Assumption of the Risk

Assumption of the risk is an affirmative defense that the defendant can allege in order to defeat a plaintiff’s recovery in a negligence lawsuit. The defendant can claim that the plaintiff assumed the risk when the plaintiff consented to a known risk.

In order to prove “assumption of the risk,” the defendant must show that the plaintiff knew there was a risk of injury or other harm, and voluntarily accepted the risk.

There are two types of assumption of the risk: express and implied.

Express Assumption of the Risk

Express assumption of the risk occurs when the plaintiff agrees in advance that the defendant will not be liable for consequences of negligent conduct.

Express assumption of the risk can occur when the plaintiff signs a contract that includes a clause stating that the plaintiff agrees to waive the defendant’s liability for inherent risks. When a defendant alleges express assumption of the risk (i.e. the plaintiff signed a contract) a court must determine whether the scope of the release covers the claim being asserted by the injured plaintiff.

There are a few situations where a defendant cannot use express assumption of the risk as a defense including:

  • Capacity – The plaintiff lacks capacity to understand the contract.
    • This applies to individuals under the age of eighteen and individuals with mental illness
      • Example:   Freddie is sixteen years old. He decides to take his car to Joe’s Auto Shop. Joe asks Freddie to sign a release which includes an express assumption of the risk clause that states that Joe is not responsible if the breaks fail while Freddie is driving. Freddie signs the release when he picks up his car. On his way to school the next day the breaks fail and Freddie gets into a car accident.
        • In this situation Joe will not be able to defend against Freddie’s negligence claim based on expressed assumption of the risk because Freddie lacked capacity to sign the contract.
  • Violation of Public Policy
    • A defendant will not be able to use express assumption of the risk if the court determines that a contract violates public policy.
  • Contract Covering Intentional Torts or Reckless Conduct
    • Plaintiff’s cannot consent to release of liability from intentional torts or reckless conduct.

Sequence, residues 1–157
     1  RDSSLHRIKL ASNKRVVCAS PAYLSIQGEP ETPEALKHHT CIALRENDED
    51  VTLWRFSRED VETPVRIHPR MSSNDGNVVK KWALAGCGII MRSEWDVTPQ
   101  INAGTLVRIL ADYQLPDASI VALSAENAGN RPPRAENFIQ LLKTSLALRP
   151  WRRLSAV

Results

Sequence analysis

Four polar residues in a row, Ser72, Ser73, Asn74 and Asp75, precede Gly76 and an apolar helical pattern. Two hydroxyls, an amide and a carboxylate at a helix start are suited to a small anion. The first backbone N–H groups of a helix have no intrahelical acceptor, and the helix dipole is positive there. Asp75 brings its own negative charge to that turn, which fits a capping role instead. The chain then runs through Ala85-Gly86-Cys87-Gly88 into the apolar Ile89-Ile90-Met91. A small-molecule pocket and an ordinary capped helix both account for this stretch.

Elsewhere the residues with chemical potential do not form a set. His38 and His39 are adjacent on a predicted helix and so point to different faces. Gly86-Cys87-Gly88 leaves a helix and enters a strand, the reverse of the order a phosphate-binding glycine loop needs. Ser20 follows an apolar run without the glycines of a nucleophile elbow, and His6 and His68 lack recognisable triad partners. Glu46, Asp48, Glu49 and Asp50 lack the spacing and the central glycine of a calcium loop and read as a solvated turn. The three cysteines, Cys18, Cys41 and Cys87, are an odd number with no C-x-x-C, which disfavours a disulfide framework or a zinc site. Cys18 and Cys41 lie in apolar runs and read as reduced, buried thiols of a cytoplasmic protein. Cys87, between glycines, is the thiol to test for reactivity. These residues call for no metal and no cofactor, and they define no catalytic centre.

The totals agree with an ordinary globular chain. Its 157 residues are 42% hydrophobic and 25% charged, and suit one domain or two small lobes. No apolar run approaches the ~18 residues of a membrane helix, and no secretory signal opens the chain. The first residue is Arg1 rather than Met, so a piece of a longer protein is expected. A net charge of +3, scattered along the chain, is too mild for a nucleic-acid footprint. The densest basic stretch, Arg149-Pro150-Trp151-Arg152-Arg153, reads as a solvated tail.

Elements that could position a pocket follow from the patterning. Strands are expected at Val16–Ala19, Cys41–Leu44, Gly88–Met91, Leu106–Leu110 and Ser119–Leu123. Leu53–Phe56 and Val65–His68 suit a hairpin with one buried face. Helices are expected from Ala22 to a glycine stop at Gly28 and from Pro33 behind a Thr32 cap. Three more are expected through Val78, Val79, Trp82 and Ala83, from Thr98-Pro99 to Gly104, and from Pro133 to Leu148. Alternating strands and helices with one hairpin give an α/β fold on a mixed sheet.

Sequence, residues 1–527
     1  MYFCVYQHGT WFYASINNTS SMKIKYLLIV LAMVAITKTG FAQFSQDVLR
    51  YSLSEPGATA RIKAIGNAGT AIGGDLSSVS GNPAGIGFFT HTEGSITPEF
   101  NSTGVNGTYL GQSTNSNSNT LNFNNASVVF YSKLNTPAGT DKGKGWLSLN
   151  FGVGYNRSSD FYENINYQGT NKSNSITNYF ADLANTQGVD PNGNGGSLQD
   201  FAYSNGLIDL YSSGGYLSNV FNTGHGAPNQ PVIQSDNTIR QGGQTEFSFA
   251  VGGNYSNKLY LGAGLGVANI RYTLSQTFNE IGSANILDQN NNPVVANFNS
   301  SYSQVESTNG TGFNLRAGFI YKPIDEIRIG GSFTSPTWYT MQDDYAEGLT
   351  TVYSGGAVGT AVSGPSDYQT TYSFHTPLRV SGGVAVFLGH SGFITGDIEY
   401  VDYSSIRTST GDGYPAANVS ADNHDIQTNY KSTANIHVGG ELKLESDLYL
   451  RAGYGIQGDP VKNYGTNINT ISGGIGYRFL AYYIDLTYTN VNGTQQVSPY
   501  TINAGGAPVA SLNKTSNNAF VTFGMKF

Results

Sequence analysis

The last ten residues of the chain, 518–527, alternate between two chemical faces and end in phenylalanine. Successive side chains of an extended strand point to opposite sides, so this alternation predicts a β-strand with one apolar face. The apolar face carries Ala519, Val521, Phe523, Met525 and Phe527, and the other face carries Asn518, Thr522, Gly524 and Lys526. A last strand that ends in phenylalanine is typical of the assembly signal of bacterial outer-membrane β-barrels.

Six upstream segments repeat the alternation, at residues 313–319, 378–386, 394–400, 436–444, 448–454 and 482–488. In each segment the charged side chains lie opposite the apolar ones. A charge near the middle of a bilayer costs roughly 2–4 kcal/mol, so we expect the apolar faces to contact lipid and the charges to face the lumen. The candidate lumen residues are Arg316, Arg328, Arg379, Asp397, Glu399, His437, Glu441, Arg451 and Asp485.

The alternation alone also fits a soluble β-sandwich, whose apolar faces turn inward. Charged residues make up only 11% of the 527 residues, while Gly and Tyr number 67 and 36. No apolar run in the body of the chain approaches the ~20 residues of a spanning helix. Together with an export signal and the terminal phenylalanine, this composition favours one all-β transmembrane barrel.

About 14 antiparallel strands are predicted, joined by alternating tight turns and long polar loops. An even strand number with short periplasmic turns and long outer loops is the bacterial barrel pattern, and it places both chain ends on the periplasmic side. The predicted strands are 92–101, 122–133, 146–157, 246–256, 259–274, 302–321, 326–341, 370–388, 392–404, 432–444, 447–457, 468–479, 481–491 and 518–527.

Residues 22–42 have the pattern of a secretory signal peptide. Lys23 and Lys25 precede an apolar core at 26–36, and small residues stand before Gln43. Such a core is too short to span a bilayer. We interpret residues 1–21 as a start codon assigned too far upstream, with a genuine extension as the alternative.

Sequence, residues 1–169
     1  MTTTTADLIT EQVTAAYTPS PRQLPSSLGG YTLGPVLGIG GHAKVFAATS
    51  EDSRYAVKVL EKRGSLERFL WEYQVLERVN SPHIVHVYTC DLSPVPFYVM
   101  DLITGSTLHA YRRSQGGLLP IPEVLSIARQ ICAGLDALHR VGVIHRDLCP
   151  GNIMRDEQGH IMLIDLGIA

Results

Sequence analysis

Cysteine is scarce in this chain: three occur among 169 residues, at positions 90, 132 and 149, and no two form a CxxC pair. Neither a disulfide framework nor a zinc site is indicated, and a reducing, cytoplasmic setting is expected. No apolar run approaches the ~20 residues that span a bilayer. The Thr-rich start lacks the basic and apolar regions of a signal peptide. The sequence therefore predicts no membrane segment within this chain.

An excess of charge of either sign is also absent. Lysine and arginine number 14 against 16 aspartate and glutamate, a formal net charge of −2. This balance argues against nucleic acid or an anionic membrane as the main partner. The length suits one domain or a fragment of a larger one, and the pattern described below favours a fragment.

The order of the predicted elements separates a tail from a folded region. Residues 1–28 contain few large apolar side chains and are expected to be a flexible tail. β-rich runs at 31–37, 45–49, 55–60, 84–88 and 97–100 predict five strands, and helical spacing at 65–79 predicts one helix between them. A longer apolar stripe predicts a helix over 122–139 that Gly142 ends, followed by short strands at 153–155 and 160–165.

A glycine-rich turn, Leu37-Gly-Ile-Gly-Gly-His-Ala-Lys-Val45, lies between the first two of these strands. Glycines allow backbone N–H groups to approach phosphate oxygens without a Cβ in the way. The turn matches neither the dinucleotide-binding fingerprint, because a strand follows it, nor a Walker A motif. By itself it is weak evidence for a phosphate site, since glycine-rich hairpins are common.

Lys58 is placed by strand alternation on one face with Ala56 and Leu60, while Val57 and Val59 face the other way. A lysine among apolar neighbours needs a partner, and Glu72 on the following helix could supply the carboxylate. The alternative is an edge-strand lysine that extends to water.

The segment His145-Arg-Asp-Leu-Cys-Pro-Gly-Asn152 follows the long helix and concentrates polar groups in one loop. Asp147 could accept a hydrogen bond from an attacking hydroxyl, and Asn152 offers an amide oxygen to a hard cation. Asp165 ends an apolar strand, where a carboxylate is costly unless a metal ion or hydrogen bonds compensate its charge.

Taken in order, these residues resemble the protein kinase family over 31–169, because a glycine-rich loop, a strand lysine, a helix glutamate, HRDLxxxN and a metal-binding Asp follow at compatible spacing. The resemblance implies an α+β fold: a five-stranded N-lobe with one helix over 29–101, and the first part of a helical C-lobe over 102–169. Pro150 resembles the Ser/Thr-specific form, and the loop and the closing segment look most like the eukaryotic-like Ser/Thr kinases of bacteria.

• Example:  Maddison purchases a ticket from the Yellow Bus Company to ride from Dallas to El Paso.  When she purchases the ticket, Maddison signs a general release that states that the owner of Yellow Bus Company will not be liable for any actions of her employees.
      • Nora, the driver off the bus, gets frustrated when Maddison refuses to sit down while the bus is moving.  Nora approaches Maddison and hits her on the head.  Express assumption of the risk cannot be used as a defense because Nora committed an intentional tort.

You should talk to a lawyer before you sign a contract releasing a potential defendant from liability or even in the event you signed a contract and now have been injured.  An experienced personal injury lawyer will know if your situation falls under an exception to the express assumption of the risk defense.

Implied Assumption of the Risk

Implied assumption of the risk occurs when the plaintiff accepts a risk by simply participating in the activity. There are two types of implied assumption of the risk:

  1. Primary Assumption of the Risk

    • Primary assumption of the risk occurs when the plaintiff confronts an inherent or known risk of an activity.
      • Example: If a NASCAR driver gets into a car accident while participating in a race he will likely not be able to recover because he assumed the risk of an accident.
  2. Secondary Assumption of the Risk

    • Secondary assumption of the risk occurs when the plaintiff is told about a specific risk and voluntarily engages in the activity in spite of the risk.
      • Example: Kendra and Mike are at a party. They both have had a lot to drink. Mike tells Kenrda that he probably should not drive, and then he offers her a ride home. Kendra accepts the ride. Mike loses control of the wheel and Kendra is severely injured as a result. Kendra will not be able to sue Mike because Kendra was informed about the risk of accepting a ride from Mike but chose to accept the ride.

If you have questions about assumption of the risk, you should consult an experienced personal injury lawyer to guide you thorough the process.